Tuesday, July 29, 2014

Summer Reading and More: Overdrive Media Console

Purchasing books (e- or otherwise) and audiobooks is an expensive proposition, especially if you don't necessarily want to add them to a real or virtual collection for revisiting. This is one way our public libraries can come in handy. But did you know you can get many titles for free without even leaving your home?

Overdrive Media Console (free for iPhone, iPad and Android) has been around for some time, but has improved with its own updates for usability, in addition to the increased availability of e-materials through public libraries. Overdrive allows you to sign in to your local library with your login and password, then download or join waiting lists for e-books or audiobooks, all for free.

E-books can be quickly downloaded with a few taps and added to your Kindle app, while audiobooks (download while on wi-fi to avoid data charges) play in the Overdrive app themselves. This is the perfect summer app for you to grab a few titles for lounging on your porch, or perhaps an audiobook or two for a long drive. The only caveat is that you have to finish the title within a set period of time (in Boston, two weeks) or it disappears from your library (i.e. is returned). This is one reason I tend to use the app more for nonfiction, so I won't remain in suspense should there be a wait to re-download the book.




Currently I am working my way through my (2nd) download of Malcolm Gladwell's David and Goliath, in which he argues that what we perceive to be advantages and/or disadvantages may not actually be. In one chapter, he details the many people with dyslexia who have gone on to great success because--he claims--of the other qualities they have needed to develop, such as resilience and listening skills. Though certainly there are tons of people who have overcome learning disabilities to achieve wonderful success, I'm not sure I bought the "dyslexia universally helps you" argument at all (naturally, this chapter was controversial and spawned some criticism). However, Gladwell tells a good story, and I am glad I didn't have to pay $20 to read it, considering.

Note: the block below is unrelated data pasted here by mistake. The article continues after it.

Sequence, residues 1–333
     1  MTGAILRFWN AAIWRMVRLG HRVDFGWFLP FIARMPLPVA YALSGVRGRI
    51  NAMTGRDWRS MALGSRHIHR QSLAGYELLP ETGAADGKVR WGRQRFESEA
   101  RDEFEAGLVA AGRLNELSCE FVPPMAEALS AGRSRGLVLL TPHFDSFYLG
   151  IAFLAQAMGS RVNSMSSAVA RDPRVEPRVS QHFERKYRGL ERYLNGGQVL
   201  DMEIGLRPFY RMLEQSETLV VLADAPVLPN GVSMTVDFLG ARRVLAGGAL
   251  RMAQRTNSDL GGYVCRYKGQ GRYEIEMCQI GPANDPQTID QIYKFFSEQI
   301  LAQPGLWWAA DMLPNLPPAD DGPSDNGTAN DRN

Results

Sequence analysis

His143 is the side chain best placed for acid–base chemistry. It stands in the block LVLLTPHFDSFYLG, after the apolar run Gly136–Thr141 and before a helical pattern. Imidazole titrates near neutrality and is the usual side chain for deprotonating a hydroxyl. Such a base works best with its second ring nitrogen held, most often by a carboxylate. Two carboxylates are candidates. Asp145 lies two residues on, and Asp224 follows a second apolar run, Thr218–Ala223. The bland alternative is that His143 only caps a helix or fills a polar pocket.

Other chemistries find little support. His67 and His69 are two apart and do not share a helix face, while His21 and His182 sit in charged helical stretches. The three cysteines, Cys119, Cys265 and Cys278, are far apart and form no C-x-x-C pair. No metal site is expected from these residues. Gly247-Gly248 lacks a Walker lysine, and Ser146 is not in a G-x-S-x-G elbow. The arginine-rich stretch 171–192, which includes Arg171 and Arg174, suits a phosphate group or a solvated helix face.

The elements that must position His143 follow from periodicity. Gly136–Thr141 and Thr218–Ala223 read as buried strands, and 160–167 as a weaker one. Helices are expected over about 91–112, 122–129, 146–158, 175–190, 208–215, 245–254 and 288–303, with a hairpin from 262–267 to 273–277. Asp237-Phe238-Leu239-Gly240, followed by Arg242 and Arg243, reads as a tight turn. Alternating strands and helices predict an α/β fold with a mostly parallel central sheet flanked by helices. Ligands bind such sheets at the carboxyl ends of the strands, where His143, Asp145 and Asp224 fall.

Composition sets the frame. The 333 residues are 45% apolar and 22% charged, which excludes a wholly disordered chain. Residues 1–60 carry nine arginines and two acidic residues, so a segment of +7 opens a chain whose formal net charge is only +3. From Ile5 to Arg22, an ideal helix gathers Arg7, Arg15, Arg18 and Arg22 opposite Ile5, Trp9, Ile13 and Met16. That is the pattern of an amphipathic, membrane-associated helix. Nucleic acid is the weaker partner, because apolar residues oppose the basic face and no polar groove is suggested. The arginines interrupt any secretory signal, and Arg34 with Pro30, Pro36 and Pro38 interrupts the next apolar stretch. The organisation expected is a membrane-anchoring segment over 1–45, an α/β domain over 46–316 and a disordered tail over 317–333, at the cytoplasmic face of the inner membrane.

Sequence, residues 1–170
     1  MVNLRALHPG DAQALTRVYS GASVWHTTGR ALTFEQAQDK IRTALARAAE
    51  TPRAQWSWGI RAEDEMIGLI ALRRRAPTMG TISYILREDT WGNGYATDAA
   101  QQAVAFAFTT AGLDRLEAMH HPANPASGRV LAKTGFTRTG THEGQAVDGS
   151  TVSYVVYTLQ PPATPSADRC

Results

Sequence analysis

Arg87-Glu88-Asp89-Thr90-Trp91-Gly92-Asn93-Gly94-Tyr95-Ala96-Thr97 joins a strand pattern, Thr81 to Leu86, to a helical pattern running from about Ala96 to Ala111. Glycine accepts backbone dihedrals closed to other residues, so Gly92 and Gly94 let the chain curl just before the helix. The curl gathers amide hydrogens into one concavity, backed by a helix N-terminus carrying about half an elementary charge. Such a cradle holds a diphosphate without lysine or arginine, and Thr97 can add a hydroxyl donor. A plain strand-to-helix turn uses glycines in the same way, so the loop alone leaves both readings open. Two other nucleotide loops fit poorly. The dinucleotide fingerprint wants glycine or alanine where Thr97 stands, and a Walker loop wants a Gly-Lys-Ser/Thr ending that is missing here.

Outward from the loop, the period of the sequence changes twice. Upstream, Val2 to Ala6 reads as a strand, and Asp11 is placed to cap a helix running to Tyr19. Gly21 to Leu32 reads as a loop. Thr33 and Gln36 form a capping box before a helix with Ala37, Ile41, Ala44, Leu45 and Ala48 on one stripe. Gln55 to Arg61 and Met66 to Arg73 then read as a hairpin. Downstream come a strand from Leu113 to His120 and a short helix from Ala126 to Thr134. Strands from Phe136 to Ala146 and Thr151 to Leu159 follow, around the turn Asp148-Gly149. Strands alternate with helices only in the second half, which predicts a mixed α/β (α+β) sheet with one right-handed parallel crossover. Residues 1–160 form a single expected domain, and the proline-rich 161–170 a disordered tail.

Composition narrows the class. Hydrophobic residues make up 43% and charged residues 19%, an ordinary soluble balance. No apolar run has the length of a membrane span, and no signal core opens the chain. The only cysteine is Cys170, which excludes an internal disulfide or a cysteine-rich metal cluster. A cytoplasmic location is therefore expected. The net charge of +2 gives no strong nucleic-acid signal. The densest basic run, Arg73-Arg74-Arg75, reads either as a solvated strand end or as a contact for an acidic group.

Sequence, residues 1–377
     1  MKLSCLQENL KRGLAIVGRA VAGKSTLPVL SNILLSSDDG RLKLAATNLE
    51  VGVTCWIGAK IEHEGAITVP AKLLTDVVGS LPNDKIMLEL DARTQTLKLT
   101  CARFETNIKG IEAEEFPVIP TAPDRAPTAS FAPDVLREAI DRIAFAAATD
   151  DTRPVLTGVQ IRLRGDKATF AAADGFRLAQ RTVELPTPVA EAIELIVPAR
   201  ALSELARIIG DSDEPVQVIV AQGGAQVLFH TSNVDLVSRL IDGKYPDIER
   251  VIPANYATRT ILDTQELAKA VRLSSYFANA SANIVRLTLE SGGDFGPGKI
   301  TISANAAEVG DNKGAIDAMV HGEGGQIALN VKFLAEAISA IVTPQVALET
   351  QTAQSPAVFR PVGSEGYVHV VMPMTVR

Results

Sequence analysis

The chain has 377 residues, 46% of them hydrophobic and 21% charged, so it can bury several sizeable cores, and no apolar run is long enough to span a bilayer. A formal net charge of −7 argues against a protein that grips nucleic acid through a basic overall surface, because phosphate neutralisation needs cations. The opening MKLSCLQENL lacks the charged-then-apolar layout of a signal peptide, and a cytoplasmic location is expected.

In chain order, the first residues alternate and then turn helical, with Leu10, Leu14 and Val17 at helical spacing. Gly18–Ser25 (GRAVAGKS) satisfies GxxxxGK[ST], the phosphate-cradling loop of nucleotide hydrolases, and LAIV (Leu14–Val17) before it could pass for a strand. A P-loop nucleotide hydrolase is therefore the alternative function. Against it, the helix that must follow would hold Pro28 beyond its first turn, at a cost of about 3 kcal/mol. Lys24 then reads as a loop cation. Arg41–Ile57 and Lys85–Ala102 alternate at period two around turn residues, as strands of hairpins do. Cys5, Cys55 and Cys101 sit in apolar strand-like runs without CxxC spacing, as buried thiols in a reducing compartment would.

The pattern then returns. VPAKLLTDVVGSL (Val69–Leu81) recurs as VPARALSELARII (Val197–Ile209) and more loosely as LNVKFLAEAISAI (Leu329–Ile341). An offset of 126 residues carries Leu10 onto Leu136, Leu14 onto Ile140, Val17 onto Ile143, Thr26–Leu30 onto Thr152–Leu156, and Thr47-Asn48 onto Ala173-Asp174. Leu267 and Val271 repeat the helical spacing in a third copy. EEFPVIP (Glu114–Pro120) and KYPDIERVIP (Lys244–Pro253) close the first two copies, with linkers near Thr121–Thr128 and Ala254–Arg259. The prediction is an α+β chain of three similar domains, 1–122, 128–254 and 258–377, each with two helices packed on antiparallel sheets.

Overdrive is also a handy tool for SLPs and support teachers of any kind for free access to curriculum contexts such as books being read by our students in their classrooms. Over the years, I have found audiobooks to be a great way to utilize my commute time so that I could be on the same page, context-wise, and construct activities for my students when their classrooms include chapter books such as Number the Stars. 

Do note that my experience is based on using this app in conjunction with a membership in a large urban library, and I am not sure how your connections will serve you. However, I have seen this app recommended at workshops and elsewhere as a great resource for e-books. Hope you find a few free books to pass your summer time!

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